As the government presses ahead with ‘equality’ legislation, James Torrens asks some pertinent questions
‘What is truth?’ Pilate’s question echoes down the centuries, long after he asked it of Jesus.
His query was prompted by Jesus’s claim that he came into this world ‘to testify to the truth’ and that ‘everyone on the side of truth listens to me’ (John 18.37). Significantly, Pilate did not wait for a reply to his question, but turned his back on the Truth and gave in to the cries of the crowd and the lies of the religious leaders.
Are justice and equality the same?
A question closely related to Pilate’s famous query is, ‘What is justice?’ For, as the trial of Jesus demonstrates, without truth there can be no justice. Justice is undermined by lies, be they the lies of the accused, the witnesses, police-officers or judges. For justice to prevail, truth is essential. Therefore, in our courts, witnesses are directed to tell the truth, the whole truth and nothing but the truth.
All this might seem obvious, but it seems we are in danger of forgetting this in our ‘progressive’ society. For example, it is often stated (or assumed) that justice is the same as equality. However, my dictionary defines justice as ‘the quality of being just; integrity; impartiality; rightness’. Nowhere does it mention equality. Fairness, yes; equality, no. Why is this? Doesn’t fairness mean treating all things equally?
Well, yes and no. Yes, if the things to be treated are truly (there’s that word again) equal. So if two people commit the same crime under the same circumstances with the same motivation, then justice would demand that both receive the same punishment. But the fact that most criminals do not receive the same sentences, even for the same crime, is not just a reflection of the unpredictable nature of judges. It is because the judges weigh up the different circumstances and motivations involved and pass sentence accordingly.
So justice turns out to be a more complicated matter than it seems at first glance. When it is based on truth — as it must be — it does not always result in ‘equality’. In fact, where the matters under consideration are not ‘equal’, justice must discriminate and announce its ‘unequal’ verdict accordingly.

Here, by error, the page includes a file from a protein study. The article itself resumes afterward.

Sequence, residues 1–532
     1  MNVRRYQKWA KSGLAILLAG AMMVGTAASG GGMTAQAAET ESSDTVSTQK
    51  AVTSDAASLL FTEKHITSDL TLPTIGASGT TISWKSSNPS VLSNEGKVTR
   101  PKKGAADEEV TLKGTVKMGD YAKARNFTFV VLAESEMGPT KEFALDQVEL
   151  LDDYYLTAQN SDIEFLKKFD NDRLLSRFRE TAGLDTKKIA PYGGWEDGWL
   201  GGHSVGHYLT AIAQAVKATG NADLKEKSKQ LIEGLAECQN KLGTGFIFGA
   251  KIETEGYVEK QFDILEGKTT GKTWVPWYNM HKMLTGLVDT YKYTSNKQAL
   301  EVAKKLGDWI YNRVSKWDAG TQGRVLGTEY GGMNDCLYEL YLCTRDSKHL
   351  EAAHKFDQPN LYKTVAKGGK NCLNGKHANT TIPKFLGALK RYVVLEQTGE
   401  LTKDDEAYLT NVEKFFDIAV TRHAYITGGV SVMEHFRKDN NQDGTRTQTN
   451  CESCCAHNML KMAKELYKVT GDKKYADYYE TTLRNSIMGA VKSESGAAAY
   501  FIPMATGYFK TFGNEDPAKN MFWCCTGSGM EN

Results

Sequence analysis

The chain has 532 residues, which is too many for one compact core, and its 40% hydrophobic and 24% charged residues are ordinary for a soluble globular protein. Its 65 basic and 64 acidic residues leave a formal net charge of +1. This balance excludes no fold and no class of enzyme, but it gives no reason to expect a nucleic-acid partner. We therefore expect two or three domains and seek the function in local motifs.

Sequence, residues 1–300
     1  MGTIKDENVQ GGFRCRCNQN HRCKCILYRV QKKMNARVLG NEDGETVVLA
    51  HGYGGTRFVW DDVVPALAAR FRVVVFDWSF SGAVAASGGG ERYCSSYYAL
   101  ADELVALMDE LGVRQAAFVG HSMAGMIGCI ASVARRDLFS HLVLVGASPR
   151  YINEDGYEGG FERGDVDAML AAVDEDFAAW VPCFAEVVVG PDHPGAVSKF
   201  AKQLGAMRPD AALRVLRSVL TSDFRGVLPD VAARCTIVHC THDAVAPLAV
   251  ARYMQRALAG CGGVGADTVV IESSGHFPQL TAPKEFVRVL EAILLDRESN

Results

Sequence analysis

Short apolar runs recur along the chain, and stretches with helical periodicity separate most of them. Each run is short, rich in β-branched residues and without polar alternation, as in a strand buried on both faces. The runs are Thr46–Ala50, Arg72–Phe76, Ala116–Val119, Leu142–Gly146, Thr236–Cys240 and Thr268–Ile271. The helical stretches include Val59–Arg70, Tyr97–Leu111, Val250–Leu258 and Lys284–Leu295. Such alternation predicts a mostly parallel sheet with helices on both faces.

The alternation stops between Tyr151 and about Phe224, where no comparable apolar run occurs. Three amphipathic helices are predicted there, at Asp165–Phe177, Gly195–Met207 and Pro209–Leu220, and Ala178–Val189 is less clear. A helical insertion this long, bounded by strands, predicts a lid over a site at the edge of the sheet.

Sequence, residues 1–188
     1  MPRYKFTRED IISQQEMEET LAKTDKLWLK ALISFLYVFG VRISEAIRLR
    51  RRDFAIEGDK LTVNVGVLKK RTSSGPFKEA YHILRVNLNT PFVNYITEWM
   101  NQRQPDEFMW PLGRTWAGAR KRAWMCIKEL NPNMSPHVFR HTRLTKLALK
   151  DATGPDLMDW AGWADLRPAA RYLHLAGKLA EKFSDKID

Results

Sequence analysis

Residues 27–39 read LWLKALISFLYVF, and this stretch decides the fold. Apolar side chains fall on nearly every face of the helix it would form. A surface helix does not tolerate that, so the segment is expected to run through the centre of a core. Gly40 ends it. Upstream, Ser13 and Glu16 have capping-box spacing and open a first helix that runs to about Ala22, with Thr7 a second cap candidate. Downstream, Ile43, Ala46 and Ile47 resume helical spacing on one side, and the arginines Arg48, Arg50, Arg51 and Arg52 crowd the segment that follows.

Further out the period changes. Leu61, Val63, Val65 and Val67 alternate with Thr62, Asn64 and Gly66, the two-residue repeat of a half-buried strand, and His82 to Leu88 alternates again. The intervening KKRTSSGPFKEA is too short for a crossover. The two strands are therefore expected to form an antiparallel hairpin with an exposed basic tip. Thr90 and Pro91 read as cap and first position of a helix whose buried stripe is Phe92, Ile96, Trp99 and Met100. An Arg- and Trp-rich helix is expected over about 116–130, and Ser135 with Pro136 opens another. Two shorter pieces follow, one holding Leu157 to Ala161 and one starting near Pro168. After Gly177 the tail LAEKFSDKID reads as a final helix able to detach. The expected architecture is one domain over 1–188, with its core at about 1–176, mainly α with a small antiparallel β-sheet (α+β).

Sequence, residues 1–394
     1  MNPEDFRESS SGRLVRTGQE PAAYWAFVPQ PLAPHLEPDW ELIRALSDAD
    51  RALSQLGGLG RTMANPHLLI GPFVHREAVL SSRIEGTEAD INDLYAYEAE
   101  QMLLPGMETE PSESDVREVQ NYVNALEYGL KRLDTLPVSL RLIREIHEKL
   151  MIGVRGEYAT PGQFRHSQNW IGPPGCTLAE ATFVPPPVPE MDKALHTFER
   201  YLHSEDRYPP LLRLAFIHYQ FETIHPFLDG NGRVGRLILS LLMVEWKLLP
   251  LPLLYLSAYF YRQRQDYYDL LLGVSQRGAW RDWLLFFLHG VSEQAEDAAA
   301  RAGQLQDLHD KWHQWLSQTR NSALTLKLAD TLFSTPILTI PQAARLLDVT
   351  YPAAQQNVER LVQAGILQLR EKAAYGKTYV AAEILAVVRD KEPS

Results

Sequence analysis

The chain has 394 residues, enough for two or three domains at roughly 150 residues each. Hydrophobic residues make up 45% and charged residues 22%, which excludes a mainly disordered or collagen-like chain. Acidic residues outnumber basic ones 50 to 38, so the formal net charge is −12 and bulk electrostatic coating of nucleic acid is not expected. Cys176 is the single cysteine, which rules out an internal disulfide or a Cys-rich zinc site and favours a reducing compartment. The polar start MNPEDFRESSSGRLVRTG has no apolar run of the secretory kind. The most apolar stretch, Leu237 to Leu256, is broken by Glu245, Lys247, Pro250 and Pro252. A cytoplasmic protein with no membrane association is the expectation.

Consider some examples from life. Two children are misbehaving. The exasperated mother sends both of them to their bedroom as a punishment. She has treated both children equally. But has she treated them fairly? If one child is an avid reader and has a room full of books, it is not much of a punishment. If the other child hates being indoors and is not a book-lover, it is a far more severe punishment. So, to be fair, the mum should send the first child outside to tidy up the garden or wash the car. Justice does not always mean equality.
Another example is the ruling by the European Court of Justice which states that, as of December 21 2012, women must pay the same car insurance premiums as men, despite women being safer drivers than men. (The same ruling applies to life insurance, even though, in general, women live longer than men. This may, of course, be related to their safer driving!) Here is a ruling which is unfair, because it is treating men and women drivers as equals, when they are not. Here, equality has trumped justice.
It is no accident that the above matter has to do with ‘gender equality’, for there is no other area of modern life where there is so much confusion and controversy. Much of the confusion and controversy is deliberate, provoked by those who wish to downplay and deny God-given differences in gender and sexuality, in the name of ‘equality’ and ‘justice’. But, as we have seen, if ‘justice’ is not based on truth and fails to discriminate between it and lies (or the appearance of truth), then it is not justice, however ‘equal’ it may appear.
In terms of the ongoing national debate about the legitimacy of ‘gay marriage’, the implications of the above are clear. Much of the debate is couched in terms of justice, but the word is often used loosely and synonymously with ‘equality’. However, the Bible’s teaching is clear. The only proper context for the full expression of human sexuality (whatever our orientation) is within the confines of heterosexual marriage. This is what God has determined is right: right by him and right for us.
If this is the truth, then this is what justice must be based on. Real justice will, therefore, discriminate between truth and its counterfeits and between what is right and wrong. Real justice will state that ‘homosexual marriage’ is a contradiction in terms. Real justice will recognise that to treat as equal things which are unequal is, in fact, unjust.
So, when people ask, ‘Where is the justice in this?’, we should also ask, ‘What is the truth of this?’ For without truth, justice is impossible. With truth, judgment becomes just. It is then, and only then, that the exercise of grace and mercy becomes possible.
Dr. James Torrens is the minister of Highland International Church, Inverness, an International Presbyterian Church.